Most hydraulic infrastructure is regarded as a static element with a predetermined lifespan, designed to withstand a number of predetermined environmental design conditions. The design process is aimed at finding the most cost-effective solution that provides the required functionality. The envisaged win-win solutions that were addressed in the previous section require more than that: they commonly involve catering for more than one function and extending traditional and proven design approaches with the utilization of dynamic environmental processes.
Building with Nature Design considers the planned intervention as part of a dynamic environment. This means that the physical processes at work and the associated timescales must become part of the ultimate design. Sand Engine Delfland is a practical example of a project that aims to use natural processes to achieve a predetermined management objective. Rather than applying regular sediment nourishments at various locations along the coast, the Sand Engine project aims to apply one very large nourishment, thus allowing natural processes to gradually redistribute the sediment over the coastal system. As a benefit over the traditional practice of sediment nourishment, this innovative approach foresees a more natural coastal profile, less net disturbance of the coastal ecosystem, the development of valuable habitat, an increased freshwater reserve in the dunes and potential recreational value.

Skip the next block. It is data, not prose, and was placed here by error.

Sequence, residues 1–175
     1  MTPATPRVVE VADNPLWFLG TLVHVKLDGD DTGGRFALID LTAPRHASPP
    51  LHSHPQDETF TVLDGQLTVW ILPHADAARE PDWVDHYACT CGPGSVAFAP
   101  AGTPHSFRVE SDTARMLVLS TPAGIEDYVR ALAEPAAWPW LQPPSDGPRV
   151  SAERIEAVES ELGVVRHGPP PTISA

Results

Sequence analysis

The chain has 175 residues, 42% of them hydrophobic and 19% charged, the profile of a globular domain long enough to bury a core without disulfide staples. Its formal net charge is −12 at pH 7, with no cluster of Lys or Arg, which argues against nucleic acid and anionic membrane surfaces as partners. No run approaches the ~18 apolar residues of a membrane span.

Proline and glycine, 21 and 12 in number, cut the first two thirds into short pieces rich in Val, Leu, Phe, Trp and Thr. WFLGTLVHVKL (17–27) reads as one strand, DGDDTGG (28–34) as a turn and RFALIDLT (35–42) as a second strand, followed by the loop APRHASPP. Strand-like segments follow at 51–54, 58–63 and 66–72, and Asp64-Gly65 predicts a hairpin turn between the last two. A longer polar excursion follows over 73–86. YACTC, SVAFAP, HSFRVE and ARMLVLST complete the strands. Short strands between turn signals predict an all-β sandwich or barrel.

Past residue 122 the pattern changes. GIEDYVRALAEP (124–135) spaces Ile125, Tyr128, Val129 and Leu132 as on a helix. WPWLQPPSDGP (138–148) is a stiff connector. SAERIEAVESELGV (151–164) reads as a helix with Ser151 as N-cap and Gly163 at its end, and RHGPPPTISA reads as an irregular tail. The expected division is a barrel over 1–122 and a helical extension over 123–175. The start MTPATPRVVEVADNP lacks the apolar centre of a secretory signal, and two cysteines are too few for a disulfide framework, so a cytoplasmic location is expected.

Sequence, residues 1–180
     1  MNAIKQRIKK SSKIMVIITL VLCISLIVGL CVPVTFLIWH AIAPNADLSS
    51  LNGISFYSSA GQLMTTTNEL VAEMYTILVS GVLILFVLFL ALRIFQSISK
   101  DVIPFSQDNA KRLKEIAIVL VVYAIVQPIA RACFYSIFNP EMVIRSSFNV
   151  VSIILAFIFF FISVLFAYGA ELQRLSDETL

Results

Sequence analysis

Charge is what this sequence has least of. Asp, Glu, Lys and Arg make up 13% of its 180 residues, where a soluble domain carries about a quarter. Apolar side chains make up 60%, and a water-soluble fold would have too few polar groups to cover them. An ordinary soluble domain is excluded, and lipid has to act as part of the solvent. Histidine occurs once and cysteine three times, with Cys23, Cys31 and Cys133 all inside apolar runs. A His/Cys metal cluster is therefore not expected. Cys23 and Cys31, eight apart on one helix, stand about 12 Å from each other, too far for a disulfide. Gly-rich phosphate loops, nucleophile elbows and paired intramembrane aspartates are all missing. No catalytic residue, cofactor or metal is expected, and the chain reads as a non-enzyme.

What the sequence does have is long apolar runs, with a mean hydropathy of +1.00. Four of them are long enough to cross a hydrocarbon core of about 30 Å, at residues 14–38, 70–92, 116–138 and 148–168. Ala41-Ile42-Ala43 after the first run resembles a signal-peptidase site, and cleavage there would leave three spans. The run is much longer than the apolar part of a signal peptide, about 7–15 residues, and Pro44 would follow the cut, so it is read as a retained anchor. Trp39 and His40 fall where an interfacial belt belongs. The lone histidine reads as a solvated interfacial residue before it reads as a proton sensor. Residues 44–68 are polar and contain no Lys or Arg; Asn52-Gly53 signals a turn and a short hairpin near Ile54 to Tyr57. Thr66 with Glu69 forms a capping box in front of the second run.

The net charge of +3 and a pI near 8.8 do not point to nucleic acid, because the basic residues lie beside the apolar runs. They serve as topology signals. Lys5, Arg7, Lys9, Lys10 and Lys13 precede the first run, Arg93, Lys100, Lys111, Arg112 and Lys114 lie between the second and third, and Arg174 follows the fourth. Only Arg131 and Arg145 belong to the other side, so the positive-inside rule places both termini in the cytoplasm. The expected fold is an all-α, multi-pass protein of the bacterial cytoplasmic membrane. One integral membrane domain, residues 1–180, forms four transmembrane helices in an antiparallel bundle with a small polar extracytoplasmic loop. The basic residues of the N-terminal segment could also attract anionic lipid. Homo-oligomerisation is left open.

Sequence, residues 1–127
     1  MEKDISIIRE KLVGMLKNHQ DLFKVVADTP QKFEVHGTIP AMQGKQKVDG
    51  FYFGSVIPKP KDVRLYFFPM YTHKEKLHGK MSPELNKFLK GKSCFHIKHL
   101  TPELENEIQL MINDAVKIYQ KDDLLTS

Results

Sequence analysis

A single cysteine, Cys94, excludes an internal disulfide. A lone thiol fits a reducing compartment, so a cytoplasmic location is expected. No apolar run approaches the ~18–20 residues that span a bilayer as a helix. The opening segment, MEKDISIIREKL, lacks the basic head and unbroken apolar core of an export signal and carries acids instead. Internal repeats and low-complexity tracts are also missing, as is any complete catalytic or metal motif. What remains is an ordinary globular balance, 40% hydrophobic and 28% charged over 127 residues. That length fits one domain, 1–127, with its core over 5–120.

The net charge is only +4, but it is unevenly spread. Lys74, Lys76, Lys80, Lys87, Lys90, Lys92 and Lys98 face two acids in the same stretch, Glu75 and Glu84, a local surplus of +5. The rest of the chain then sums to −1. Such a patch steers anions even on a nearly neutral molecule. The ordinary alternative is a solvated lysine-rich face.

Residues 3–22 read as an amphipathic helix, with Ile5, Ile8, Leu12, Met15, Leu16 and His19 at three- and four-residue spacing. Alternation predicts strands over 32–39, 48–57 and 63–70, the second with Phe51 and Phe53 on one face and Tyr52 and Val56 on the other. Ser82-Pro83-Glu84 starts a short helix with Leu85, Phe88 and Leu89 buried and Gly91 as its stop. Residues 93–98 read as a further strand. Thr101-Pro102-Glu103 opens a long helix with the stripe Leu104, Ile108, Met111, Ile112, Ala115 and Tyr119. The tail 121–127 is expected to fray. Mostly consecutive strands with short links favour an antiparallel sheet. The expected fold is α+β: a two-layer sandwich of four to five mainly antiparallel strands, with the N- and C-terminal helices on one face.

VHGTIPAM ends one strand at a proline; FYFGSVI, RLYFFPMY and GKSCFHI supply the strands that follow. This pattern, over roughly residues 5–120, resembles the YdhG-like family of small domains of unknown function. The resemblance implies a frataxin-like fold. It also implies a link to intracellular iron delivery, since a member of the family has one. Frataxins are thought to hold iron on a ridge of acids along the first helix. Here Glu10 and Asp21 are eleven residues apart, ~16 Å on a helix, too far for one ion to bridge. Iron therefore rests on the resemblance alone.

By definition, the explicit inclusion of natural processes in surface water system development involves the introduction of uncertainty and potentially even risk. Adequately dealing with this uncertainty, by generating more knowledge, by including proper contingency measures or by introducing flexibility allowing for adaptive management, is crucial to the feasibility of a solution. Taking a life cycle approach helps to bring forward potentially more efficient solutions.